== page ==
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The Aqua Net Diaries: Big Hair, Big Dreams, Small Town

The Aqua Net Diaries: Big Hair, Big Dreams, Small Town

By: Jennifer Niven
Publisher: Gallery Books
Publication Date: February 2, 2010
ISBN: 978-1416954293
Reviewed by: Pamela Victor
Review Date: February 8, 2010

If the names Charlie Townsend and Kelly Garrett mean anything to you, if you can picture the lead singer from Wham!, if you have pulled on a pair of leg warmers or rolled on thick layers of Bonne Bell, then allow me to introduce you to your new BFF, The Aqua Net Diaries: Big Hair, Big Dreams, Small Town. Award-winning author Jennifer Niven has written a memoir that brings readers back to the 1980s, plunks us down in her Midwestern high school and delights us with the trials and tribulations of coming of age as a small town girl with big city dreams. As Niven writes, “Life was innocent, good. There was angst, but it mostly involved having a bad hair day, finding the next party, worrying about saying and doing the right thing, wrestling with geometric theorems, trying not to die of boredom, and wanting to be noticed by the one boy we all loved more than anything…It was a time when anything was possible.”

Readers profit from Niven’s propensity to be a pack rat. Amazingly, she has saved notes passed during class as well as journal entries, poems, songs and novellas she wrote, and even transcripts of phone conversations. The inclusion of these rare fossils of adolescent revelry and angst add immeasurable verity to her memoir. Down to the smallest detail – such as her pre-teen description of her canopy bed “with removable posts on top that make really good microphones” – Niven gifts readers with long-forgotten artifacts of teenage life. And she presents it all with laugh-out-loud, acerbic wit that brings to mind the style of David Sedaris. “I was the All-American girl living in the All-American City. But from the moment we moved to Richmond, I knew I would get out one day and go someplace bigger and faster, someplace where wild hogs didn’t roam the streets and where men didn’t eat the bark off trees.”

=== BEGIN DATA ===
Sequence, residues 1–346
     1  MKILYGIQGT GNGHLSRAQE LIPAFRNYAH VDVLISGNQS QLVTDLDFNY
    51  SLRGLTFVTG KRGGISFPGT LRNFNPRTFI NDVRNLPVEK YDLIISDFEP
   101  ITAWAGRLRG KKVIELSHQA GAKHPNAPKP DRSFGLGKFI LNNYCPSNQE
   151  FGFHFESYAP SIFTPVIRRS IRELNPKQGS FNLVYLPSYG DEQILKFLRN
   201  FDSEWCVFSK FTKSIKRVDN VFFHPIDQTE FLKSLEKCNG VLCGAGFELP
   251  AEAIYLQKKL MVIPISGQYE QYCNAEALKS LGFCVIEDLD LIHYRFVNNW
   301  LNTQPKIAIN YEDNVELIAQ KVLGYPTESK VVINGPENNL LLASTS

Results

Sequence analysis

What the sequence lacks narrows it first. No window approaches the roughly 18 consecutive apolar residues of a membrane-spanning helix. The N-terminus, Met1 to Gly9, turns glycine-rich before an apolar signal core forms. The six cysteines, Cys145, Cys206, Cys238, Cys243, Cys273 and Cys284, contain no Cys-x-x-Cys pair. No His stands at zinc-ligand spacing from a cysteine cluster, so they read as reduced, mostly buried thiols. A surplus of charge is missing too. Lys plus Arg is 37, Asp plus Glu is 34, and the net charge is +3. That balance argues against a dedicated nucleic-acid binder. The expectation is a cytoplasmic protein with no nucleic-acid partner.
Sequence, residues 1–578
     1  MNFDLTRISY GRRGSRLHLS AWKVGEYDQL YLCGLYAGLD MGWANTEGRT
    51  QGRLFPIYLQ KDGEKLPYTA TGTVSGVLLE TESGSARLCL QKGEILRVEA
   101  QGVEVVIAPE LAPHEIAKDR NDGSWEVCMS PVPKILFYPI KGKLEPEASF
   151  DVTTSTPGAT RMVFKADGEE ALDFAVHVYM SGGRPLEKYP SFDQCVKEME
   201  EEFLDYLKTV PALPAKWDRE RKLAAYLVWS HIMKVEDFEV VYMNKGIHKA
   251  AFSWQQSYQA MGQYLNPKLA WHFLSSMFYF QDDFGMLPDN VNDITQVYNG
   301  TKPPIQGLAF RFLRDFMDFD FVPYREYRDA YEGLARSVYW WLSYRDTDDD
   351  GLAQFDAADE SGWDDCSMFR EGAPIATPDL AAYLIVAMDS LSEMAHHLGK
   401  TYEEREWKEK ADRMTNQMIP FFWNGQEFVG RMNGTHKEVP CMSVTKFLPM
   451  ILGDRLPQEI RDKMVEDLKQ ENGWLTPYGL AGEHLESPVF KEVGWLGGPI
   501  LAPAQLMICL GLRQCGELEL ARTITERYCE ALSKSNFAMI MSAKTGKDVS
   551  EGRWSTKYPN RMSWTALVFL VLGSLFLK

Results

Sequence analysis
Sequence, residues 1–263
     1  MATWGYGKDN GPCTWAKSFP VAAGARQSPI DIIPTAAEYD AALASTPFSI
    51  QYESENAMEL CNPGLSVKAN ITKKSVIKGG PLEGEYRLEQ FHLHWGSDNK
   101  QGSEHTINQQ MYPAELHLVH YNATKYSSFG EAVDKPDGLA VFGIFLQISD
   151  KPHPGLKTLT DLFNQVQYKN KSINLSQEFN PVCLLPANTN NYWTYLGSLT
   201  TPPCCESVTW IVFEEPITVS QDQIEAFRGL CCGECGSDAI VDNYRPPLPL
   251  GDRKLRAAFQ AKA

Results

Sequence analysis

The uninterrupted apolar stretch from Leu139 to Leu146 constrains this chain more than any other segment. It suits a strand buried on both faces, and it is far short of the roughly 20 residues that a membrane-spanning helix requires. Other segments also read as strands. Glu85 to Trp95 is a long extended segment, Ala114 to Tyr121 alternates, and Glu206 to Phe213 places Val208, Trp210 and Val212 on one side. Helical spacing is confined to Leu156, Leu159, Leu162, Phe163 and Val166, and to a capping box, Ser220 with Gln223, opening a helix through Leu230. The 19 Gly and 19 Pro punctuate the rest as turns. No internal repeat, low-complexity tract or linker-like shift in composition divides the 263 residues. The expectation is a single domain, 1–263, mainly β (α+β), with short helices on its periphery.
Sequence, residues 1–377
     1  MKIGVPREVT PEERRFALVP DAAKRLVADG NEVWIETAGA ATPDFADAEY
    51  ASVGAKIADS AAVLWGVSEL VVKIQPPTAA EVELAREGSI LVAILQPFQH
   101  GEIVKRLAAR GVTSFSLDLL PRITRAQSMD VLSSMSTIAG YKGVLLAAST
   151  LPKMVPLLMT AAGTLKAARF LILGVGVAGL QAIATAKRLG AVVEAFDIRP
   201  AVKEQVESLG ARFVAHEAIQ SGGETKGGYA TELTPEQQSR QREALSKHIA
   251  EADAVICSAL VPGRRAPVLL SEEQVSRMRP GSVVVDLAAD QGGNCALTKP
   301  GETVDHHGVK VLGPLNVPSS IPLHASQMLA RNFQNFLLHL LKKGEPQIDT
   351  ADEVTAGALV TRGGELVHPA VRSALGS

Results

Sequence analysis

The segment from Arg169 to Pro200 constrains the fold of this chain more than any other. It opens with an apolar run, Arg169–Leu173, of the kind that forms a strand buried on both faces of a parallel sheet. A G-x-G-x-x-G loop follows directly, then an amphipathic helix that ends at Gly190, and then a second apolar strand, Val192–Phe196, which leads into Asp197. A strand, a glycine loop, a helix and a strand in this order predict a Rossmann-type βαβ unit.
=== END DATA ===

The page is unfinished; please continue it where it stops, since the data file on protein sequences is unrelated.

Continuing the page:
The Aqua Net Diaries guides readers in a look back on carefree days when complicated meant passing notes under the steely gaze of the Russian Lit. teacher and the worst day ever was reading “Jennifer McJunkin is a ho bag” on the bathroom stall. A time before life’s tangible disappointments began to carve away at the person you thought you would become. A time when you might still become a rock star. The author presents the memories of her desperate yearning to escape this prototypical (aka, boring) Midwestern high school through the lens of a sentimental adult with equal yearning to return to the luxurious selfishness and complex simplicity of teenage life. Niven captures this loves-me, loves-me-not juxtaposition with perfect pitch.

In The Aqua Net Diaries, we remember the challenges of high school, from the seemingly cemented social structure to the unchangeable cubbyholes each kid lived in. The impossibly cool kids, the “fun-loving troublemaker,” the geeks, the hoods, the jocks, they all seem jarringly familiar to us right down to “Martha Schunk who dressed in sweater sets and looked forty. She raised her hand repeatedly and told on people.” Though Niven sears these well-known characters with her wry humor, she fully admits to wanting desperately to fit in somehow, some way; certainly this is a sentiment that echoes in the majority of high school survivors. “These were the moments when it was hardest, when I wished I was small and blond with a mouth full of fillings that showed when I smiled like Jennifer Cutter who was crowned Homecoming Queen…”

At the end of the book, Niven turns the story over to the readers with a series of questions about our own high school experiences, prompting us to recall our funniest memories, our saddest memories, our most valuable life lessons. For Niven realizes that The Aqua Net Diaries really is about her readers as we revisit the happiness, the heartbreak and the horrors of our own high school lives from the armchair comfort and safety of adulthood.

Quill says: Take a hilarious and touching trip back to high school in the smart and sassy hands of Jennifer Niven!

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